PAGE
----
Some time ago, I wrote about the importance of not knowing, of how a sense of mystery motivates the need to know. Behind this simple pronouncement there hides a choice that every human being makes: what to do when faced with the unknown. There are two alternatives: we can choose to believe in the ability of human reason and intuition to overcome obstacles to arrive at new knowledge, that is, at answers to previously unexplained phenomena, or we can choose to believe that there are inscrutable mysteries, the result of influences beyond the usual cause and effect relations that define normalcy. In other words, either we believe that there are natural causes behind all that happens or we believe in supernatural causes, that is, causes beyond the explainable.
Whenever I lecture on this topic, I get asked if there isn’t some kind of middle way, some kind of conciliation between the two alternatives: somehow, an acceptance that some of the world is natural and some supernatural.
I can’t see how.
I have argued before that science as we know it will never be able to provide all the answers about the natural world; there will always be new challenges, questions that our research and inventiveness will not be able to anticipate. If we imagine what is known as comprising the area within a circle and what is unknown as what is outside, as science advances and we learn more about the universe, life and the mind, the circle will surely grow. However, there will always be an outside, beyond the known. Science as a mode of knowledge, powerful and wonderful as it is, has its limits.
One reason for this is that much of what we know of the world depends on instruments, a point I also made here before. Without our telescopes, microscopes and particle detectors, our vision of reality would be much more limited. Technology opens new windows to the world. Still, as with our eyes, these instruments have limits. And thus, so does our knowledge of reality acquired through their use.
There are other kinds of limitations, such as the fact that we live within a causal horizon defined by the finiteness of the speed of light and the age of the universe: there is much more universe out there than we can possible measure. (Or so we presume!) Also, the Uncertainty Principle poses limitations on what kind of information we can gather in the world of atoms and subatomic particles.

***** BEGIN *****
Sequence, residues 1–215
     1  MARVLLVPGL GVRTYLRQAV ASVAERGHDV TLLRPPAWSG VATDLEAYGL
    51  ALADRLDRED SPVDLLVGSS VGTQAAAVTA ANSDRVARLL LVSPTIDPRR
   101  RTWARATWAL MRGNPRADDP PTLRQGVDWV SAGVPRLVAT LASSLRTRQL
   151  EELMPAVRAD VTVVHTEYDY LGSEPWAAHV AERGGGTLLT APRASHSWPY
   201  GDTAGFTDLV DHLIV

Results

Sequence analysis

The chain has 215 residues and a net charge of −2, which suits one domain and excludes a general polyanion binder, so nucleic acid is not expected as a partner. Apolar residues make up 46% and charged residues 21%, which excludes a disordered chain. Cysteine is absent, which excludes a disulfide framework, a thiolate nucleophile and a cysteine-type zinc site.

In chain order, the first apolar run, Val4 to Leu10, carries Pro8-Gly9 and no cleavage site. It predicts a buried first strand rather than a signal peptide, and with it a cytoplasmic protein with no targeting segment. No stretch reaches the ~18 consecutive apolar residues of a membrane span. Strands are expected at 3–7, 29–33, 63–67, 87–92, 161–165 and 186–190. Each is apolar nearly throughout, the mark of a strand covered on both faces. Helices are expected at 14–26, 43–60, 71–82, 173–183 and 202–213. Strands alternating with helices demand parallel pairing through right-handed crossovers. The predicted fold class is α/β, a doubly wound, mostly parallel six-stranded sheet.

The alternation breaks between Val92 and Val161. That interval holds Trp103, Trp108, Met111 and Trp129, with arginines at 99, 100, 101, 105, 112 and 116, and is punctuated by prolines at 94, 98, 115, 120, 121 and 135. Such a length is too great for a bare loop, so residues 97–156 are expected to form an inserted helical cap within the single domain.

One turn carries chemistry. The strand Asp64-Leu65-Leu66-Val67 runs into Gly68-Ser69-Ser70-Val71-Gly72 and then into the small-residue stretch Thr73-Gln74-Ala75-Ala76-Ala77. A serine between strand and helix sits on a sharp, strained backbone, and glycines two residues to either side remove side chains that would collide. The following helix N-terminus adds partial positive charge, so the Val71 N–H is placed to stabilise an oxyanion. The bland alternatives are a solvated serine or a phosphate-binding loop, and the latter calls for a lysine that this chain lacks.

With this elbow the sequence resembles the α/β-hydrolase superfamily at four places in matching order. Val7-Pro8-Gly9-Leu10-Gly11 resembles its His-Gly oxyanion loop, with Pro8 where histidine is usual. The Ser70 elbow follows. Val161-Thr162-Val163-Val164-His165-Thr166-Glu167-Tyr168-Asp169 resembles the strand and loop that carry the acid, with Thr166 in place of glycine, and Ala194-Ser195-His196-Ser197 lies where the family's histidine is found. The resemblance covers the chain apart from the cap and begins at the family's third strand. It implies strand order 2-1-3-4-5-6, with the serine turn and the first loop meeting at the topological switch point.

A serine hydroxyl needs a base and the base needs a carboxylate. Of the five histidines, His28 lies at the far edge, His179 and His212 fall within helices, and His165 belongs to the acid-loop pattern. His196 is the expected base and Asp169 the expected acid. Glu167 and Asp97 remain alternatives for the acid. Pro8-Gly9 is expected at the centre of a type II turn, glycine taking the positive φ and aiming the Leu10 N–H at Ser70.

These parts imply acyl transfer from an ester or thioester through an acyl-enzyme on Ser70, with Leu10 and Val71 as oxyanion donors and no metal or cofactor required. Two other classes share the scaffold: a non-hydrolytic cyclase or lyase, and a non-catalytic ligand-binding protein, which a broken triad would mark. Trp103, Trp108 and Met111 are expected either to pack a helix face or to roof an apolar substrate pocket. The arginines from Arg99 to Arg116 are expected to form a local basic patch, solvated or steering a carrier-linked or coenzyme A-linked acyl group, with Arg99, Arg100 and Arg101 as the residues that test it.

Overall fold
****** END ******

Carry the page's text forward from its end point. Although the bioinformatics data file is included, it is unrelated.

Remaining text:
However, these are limitations that depend on our current scientific knowledge and can change in the future. We cannot prove that the speed of light will remain an absolute limit, or that quantum uncertainty is the last word. All we can state with confidence is that from what we know today they are pretty solid limits.
The image that the unknown circumscribes the known can generate a lot of confusion. Worse, it can be manipulated by those who want to convince people that occult forces somehow control their lives.
It’s here that the two options I mentioned above come in.
Paraphrasing Lucretius, many people live their lives terrified by what they cannot explain. He’d claim that to be free is to be able to reflect upon the possible causes behind phenomena without blindly accepting unexplainable explanations, that is, explanations based on causes that cannot be explained. (Of course, I am living open the possibility that science will advance to embrace phenomena that today may look unexplainable through currently known causal relations.)
This choice demands courage. It implies in accepting that certain aspects of the world, even if unexplained, aren’t supernatural. It’s not easy to be coherent when something really strange or tragic happens, be it an amazing coincidence, or the sudden death of a loved one, or a premonition that proves true. But as the great physicist Richard Feynman once said, “I rather not know than be fooled.” And you?